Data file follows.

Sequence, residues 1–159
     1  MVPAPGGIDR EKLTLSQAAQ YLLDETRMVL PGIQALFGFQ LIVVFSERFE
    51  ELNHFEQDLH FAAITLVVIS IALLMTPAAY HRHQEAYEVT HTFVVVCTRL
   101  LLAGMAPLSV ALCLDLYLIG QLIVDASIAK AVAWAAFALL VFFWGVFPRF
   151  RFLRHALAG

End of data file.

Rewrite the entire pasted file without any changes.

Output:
Sequence, residues 1–159
     1  MVPAPGGIDR EKLTLSQAAQ YLLDETRMVL PGIQALFGFQ LIVVFSERFE
    51  ELNHFEQDLH FAAITLVVIS IALLMTPAAY HRHQEAYEVT HTFVVVCTRL
   101  LLAGMAPLSV ALCLDLYLIG QLIVDASIAK AVAWAAFALL VFFWGVFPRF
   151  RFLRHALAG